More than 30 active bidders fought for this work by the Canadian artist, who returned to painting in 2019 after a 30-year hiatus. Sharp demand—especially from Asia—pushed the final price to more than 40 times its high estimate. 

Kinsella, who worked in the advertising world before returning to fine art, has developed a style of hard-edge portraiture based on his fascination with the Myers-Briggs personality test. His work looks like George Condo merged with the smooth surfaces of an Old Master.

Kinsella, who is represented by Unit London, just wrapped a solo show at Perrotin in Paris and has work at the gallery’s Art Basel Hong Kong stand. His collectors include Alan Lau and the Azman Museum in Malaysia.

Eileen Kinsella

Jordy Kerwick
Untitled (2021)

Jordy Kerwick, Untitled, 2021. Courtesy of Phillips.

Auction: Phillips 20th Century Art & Contemporary Day Sale, May 19

Estimate: $20,000–$30,000

Sold for: $239,400

Jordy Kerwick, who paints of fantastical lions, dragons, and other animals, has had a notably lucrative auction season. Across all three houses, work by the 40-year-old self-taught artist racked up sales that commanded prices as much as ten times their estimates. This untitled work—made with charcoal and spray-paint of a zebra rug with a tiger’s head—set a new record for the artist and changed hands fast, coming from Antwerp’s Everyday Gallery just last year. 

The artist took up painting to cope with the stress of his day job and started selling his work on Instagram for £100 in 2015 and 2016, according to the Telegraph. He barely had an auction presence until last fall—but since March, no fewer than 16 of his works have hit the block. Kerwick is now represented in the collections of hedge-funder Steve Cohen, K-pop star T.O.P., and luxury magnate Bernard Arnault, the Telegraph reports. Up next is a solo show with Vito Schnabel in Los Angeles.

Annie Armstrong

Lynne Drexler
Herbert’s Garden (1960)

Lynne Drexler, Herbert’s Garden (1960). Photo: Christie’s.

Auction: Christie’s Post-War and Contemporary Art Day Sale, May 13

Estimate: $70,000–$100,000

Sold for: $1,500,000

The Maine-based artist worked tirelessly from her studio in Monhegan, Maine, selling art to tourists for as little as $50. When she died in obscurity in 1999, she left behind piles of canvases. More than 20 years later, her market has taken off. 

During an off-season auction this spring, Christie’s sold a Drexler painting that was deaccessioned by Maine’s Farnsworth Art Museum for $1.2 million—20 times its high estimate. With that, it was off to the races. Another Drexler from the Farnsworth fetched a record $1.5 million last week, going to a buyer in Asia. The painting had never changed hands before; it was a gift from the artist’s estate to the museum in 2022.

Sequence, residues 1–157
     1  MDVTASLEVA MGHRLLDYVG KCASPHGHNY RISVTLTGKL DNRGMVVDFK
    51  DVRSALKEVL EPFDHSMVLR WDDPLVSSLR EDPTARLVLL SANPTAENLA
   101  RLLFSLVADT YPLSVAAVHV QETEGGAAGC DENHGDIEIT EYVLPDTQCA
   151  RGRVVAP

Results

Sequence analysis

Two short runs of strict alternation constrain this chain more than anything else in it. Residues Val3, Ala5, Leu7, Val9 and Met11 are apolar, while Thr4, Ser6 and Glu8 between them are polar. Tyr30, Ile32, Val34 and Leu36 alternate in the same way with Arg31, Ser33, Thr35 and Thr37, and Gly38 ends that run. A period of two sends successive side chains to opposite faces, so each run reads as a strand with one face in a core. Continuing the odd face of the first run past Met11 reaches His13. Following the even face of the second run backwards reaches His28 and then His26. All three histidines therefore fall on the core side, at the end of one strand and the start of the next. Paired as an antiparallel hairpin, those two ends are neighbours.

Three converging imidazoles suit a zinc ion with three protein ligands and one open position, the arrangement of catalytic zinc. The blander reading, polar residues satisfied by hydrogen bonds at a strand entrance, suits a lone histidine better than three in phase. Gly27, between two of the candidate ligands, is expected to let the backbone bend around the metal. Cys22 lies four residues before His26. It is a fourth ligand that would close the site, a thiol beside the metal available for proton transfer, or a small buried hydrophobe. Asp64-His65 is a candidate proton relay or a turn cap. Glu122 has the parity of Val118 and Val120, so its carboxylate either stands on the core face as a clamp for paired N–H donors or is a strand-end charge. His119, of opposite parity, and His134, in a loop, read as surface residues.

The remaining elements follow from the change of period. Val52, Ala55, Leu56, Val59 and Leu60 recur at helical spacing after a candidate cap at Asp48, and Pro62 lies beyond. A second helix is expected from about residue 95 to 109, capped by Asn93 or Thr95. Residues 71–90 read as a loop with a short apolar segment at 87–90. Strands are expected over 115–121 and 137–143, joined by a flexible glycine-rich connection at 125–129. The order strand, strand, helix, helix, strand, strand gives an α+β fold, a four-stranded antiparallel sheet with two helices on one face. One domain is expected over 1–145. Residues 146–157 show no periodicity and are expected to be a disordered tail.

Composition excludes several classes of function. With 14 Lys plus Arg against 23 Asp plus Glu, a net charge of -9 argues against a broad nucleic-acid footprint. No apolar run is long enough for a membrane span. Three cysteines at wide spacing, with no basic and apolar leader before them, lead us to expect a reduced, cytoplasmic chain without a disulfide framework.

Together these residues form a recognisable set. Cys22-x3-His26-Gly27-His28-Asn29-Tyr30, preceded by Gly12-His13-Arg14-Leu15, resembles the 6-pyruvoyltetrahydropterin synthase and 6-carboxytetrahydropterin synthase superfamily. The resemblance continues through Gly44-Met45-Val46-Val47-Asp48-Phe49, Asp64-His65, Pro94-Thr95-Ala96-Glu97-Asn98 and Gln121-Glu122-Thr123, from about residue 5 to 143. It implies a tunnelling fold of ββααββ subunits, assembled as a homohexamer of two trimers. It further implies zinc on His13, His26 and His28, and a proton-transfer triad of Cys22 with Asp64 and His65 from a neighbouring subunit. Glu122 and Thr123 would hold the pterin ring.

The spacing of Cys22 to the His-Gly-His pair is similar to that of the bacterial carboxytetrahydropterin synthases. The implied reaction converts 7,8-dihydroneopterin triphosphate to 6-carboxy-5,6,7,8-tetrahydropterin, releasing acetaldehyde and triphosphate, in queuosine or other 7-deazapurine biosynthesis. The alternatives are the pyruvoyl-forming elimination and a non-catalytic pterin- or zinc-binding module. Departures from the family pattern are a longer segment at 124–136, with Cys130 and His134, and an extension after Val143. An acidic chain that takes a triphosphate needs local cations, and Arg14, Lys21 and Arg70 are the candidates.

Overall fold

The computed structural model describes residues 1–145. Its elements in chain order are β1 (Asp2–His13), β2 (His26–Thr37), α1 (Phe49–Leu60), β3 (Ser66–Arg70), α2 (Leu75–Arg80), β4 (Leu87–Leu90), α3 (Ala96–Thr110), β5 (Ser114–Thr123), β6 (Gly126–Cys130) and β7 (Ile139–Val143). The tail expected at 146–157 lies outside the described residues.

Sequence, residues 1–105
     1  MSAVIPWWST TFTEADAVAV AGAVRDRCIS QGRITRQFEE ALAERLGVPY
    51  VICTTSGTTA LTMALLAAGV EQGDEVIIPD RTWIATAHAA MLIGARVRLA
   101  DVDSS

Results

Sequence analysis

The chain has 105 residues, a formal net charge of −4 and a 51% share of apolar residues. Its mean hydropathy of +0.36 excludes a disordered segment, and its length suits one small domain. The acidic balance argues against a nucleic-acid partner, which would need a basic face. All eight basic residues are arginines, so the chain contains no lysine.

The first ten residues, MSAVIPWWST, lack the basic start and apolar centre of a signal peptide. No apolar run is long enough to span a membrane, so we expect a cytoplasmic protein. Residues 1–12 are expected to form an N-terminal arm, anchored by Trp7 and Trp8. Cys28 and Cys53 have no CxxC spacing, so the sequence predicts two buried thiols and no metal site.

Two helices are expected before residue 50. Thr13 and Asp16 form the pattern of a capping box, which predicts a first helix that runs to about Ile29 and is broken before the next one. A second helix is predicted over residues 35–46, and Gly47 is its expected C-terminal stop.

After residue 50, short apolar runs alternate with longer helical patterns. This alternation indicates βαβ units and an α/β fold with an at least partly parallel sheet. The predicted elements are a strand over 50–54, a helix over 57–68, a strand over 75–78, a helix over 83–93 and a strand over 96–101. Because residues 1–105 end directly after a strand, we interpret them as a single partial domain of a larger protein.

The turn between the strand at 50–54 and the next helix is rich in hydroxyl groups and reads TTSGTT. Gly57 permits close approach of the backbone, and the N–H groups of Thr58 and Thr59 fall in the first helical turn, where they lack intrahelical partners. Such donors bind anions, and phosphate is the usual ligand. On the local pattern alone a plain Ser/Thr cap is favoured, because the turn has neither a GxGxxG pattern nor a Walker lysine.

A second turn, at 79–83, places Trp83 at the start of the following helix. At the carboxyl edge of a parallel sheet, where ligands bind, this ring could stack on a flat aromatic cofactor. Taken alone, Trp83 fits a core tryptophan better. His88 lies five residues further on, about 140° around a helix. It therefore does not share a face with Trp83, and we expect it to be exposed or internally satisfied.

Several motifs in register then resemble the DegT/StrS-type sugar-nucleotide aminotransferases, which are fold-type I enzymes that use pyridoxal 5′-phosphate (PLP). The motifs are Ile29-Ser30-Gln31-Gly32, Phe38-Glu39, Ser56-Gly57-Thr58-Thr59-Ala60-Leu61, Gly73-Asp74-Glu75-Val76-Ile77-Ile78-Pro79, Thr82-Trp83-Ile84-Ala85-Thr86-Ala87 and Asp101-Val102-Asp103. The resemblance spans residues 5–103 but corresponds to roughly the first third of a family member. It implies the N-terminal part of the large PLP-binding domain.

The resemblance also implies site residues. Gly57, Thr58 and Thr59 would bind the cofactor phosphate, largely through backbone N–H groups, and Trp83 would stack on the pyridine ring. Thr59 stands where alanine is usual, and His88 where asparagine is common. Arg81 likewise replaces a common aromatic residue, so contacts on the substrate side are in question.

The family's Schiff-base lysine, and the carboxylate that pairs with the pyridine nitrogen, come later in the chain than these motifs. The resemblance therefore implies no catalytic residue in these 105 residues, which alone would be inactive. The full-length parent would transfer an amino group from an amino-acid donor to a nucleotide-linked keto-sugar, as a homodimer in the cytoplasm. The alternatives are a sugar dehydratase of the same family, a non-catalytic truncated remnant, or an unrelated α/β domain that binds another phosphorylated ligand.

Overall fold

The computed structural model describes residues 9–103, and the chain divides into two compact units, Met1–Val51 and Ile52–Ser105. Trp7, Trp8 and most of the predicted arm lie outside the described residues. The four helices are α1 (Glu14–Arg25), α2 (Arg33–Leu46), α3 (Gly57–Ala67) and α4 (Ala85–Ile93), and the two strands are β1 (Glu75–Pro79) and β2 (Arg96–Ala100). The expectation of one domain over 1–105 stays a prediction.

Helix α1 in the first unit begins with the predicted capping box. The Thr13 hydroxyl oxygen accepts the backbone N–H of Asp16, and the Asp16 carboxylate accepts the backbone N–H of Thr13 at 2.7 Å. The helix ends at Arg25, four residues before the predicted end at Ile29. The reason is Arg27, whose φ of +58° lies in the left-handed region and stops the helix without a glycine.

Drexler’s flourishing, colorful abstractions are now sought after by the likes of Chrissy Teigen and John Legend, who have one hanging in their home. The gallery LGDR has also gotten on the bandwagon and is showing work by Drexler at Art Basel Hong Kong. 

Annie Armstrong

Louise Nevelson
Rain Forest Column XXI (1962–64)

Louise Nevelson, Rain Forest Column XXI (1962-1964). Image courtesy Phillips.

Louise Nevelson, Rain Forest Column XXI (1962-1964). Image courtesy Phillips.

Auction: Phillips, 20th Century & Contemporary Art Day Sale, May 19

Estimate: $100,000–$150,000

Sold for: $630,000

Nevelson, who created monochromatic wood sculptures from box-like structures, is considered one of the most important postwar artists—but her market has only recently begun to catch up. 

This work sold for more than four times its upper estimate, a result that can partly be explained by renewed awareness of Nevelson’s legacy. She is included in Cecilia Alemani’s exhibition “The Milk of Dreams” at the Venice Biennale (where, 60 years earlier, she represented the United States), and is also the subject of an official collateral exhibition at the Procuratie Vecchie. Her auction record was set last May when the sculpture Floating Cloud VII sold for $1.4 million at Christie’s New York.

Rain Forest Column XXI comes from a later series, created after Nevelson traveled to Guatemala and Mexico to study pre-Colombian art. These “are some of the artist’s most prized sculptures, unique for their totem structure,” Annie Dolan, Phillips’s day sale head, told Artnet News. Works from the series are also represented in the collections of the Whitney and the Walker Art Center.

Naomi Rea